Magic Leap 2: This is what the first reviewers say

Magic Leap 2: This is what the first reviewers say

The first independent reports about the Magic Leap 2 are positive. Especially the wider field of view and the dimming technology get praise.


The first Magic Leap was developed for consumers and was launched in 2018. The AR headset did not live up to the hype, but created the basis for Magic Leap 2. Unlike the first Magic Leap, however, the second device will no longer be sold to end users. Magic Leap 2 is specially designed for business customers and professional users.

The company does not rule out a return to the consumer market. Until then, though, the technology must become leaner, cheaper and better.

A number of US journalists were able to try out the Magic Leap 2 under controlled conditions and for a limited time. I summarize their impressions below.

Here you can learn more about the technology of Magic Leap 2. The controller also offers a technical innovation.


The Verge: “A significantly improved device”

Magic Leap 2 is not a revolution, but it is a noticeable improvement, writes Adi Robertson in her hands-on.

The device now weighs 248 grams instead of 316 grams like its predecessor and sits better and more stable on the face than almost any other augmented reality glasses Robertson has tried so far. She was allowed to wear ML2 for 30 minutes at a time, which is quite a significant amount of time.

The lighter weight and greater convenience compared to similar devices are due to the outsourced puck-shaped computing unit that also distinguishes the Magic Leap 1. The downside, Robertson says, is that you're walking around with a long cable connected to a strange-looking computer.

In the evenly lit demo room, the holograms would have looked great by current AR standards. The digital overlays are still a bit transparent, she said, but sharp and vibrant, and text is easy to read.

Sichtfeldvergleich zwischen ML1 und ML2. ML2 hat ein vertikal fast doppelt so großes Sichtfeld.

The Magic Leap 2's field of view gains primarily in the vertical. | Image: Magic Leap

The new dimming function can almost completely block out the surroundings. Bright light would still shine through, but it would be difficult to see objects behind the veil. AR objects are anchored stably in space.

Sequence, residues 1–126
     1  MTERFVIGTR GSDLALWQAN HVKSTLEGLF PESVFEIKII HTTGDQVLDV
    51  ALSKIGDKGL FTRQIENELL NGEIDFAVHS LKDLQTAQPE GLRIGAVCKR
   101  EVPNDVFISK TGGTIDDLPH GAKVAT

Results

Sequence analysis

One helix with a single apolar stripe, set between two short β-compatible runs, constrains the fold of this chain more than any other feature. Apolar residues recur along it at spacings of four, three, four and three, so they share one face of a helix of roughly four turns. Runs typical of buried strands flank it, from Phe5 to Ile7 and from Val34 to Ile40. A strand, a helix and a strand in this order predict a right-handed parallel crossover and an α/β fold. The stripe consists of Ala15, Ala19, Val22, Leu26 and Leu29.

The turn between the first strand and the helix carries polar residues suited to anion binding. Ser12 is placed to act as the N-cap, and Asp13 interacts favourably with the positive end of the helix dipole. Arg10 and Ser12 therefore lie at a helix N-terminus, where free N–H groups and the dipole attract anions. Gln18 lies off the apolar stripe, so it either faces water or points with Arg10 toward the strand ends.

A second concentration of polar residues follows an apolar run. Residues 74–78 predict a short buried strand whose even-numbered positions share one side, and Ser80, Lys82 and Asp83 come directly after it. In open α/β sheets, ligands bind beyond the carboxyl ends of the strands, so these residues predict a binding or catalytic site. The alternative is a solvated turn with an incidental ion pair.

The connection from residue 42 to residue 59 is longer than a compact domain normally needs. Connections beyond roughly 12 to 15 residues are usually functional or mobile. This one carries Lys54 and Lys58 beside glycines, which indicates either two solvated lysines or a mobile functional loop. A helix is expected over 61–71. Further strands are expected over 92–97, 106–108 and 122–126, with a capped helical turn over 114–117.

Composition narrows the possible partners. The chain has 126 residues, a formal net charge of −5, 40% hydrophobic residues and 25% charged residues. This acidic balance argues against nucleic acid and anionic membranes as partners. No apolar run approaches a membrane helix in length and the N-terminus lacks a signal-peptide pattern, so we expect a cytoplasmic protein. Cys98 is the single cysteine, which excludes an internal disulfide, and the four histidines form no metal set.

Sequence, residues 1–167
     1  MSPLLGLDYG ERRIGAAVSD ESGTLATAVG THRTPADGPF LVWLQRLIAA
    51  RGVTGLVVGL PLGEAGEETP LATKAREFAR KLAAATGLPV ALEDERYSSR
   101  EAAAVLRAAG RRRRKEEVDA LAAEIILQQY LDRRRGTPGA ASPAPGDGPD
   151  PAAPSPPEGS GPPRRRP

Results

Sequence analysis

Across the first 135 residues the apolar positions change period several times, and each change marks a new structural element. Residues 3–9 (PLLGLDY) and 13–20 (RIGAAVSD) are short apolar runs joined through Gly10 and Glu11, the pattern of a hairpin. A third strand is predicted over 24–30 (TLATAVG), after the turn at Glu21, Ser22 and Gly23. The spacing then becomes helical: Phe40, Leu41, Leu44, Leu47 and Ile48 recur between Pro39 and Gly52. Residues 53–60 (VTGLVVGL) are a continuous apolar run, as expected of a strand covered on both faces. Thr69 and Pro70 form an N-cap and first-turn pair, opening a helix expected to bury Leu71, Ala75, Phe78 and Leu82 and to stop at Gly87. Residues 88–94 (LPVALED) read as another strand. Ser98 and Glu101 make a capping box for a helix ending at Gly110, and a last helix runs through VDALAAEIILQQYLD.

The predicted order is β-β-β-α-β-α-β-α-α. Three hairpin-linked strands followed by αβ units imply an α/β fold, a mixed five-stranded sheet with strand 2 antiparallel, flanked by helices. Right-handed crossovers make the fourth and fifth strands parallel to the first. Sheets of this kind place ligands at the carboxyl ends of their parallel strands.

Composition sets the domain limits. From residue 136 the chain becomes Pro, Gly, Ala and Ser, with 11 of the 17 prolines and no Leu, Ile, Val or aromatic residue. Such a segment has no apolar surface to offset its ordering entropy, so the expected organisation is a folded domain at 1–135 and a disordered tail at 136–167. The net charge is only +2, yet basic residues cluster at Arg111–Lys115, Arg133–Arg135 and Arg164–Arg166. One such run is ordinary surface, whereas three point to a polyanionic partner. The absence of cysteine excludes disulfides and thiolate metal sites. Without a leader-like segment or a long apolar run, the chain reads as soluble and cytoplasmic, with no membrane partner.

Robertson cites the fact that the view is constantly slightly obscured and the user's eyes sometimes disappear completely behind dark glass as potential disadvantages of these lenses. Magic Leap 2 also offers only one focal plane, unlike its predecessor.


The new controller has built-in cameras that help with tracking and works well with simple point-and-click interfaces, according to Robertson.

She praises the larger field of view, the limitations of which are less noticeable than on Magic Leap 1 and Hololens 2. She says the windowed effect is still visible, but virtual objects are less likely to be cut off. At the same time, the glasses-like edges of the headset would obscure part of the peripheral vision, giving the impression that a physical object rather than the digital field of view is blocking the view.

Robertson describes the AR glasses as a "really improved gadget" based on the short demo, offering a "much better field of view." The Magic Leap 2 represents progress in addressing a major drawback of AR glasses, she said.


Some 35 partners are currently testing the device, which is expected to be less expensive than the Magic Leap 1, which costs just under $2,300.


CNET: “Impressive dimming”

Scott Stein also praises the larger field of view, which is wider than the predecessor or Hololens 2, but still not perfect.

What impressed Stein the most is the new dimming technology. It can darken the whole room or parts of it, for a stronger contrast or focus on AR objects. The intensity of the dimming can be adjusted: from a slight darkening to near darkness.

The darker the environment, the stronger the holograms would stand out. Objects behind them are practically invisible.

Magic Leap 2 is significantly smaller than its predecessor and more compact than HoloLens 2, he said, but it still needs a large computing unit that hums audibly. The improved eye and hand tracking was not demonstrated to Stein.


Android is now used as the operating system, unlike Magic Leap 1, which used the in-house developed Lumin OS. Android should make it easier for developers to create content for the AR glasses.

Stein found it negative that, unlike Hololens 2, you can 't wear regular glasses under the device. For that, you need insertable corrective lenses.

Stein concludes on a positive note: "I feel like the Magic Leap 2 is a small but important step for a company that, like many others, wants to solve the AR glasses problem."

Venturebeat: “Great progress”

Dean Takahashi was "quite impressed" with the AR headset's technical advances after his hands-on. He said the larger field of view is "significantly better" and makes it less necessary to move the head forward and back. The image is sharp and texts are easier to read without straining the eyes.


Takahashi calls dynamic dimming a big improvement, as AR glasses can now be used in brightly lit rooms or even outdoors to some extent. The new hardware feature, he said, can dim the entire environment to display sharp, solid and brightly lit AR content. This is done automatically and, if necessary, only in segments of the field of view.

Takahashi further praises the new controller tracking, the quality of the 3D audio solution and the reduced weight. The device is half the size of Magic Leap 1, he says, and the head mount is also easy to pull on and ensures a secure hold. Battery life has also improved, from two hours to 3.5 hours.

Read more about Magic Leap 2:

Sources: The Verge, CNET, Venturebeat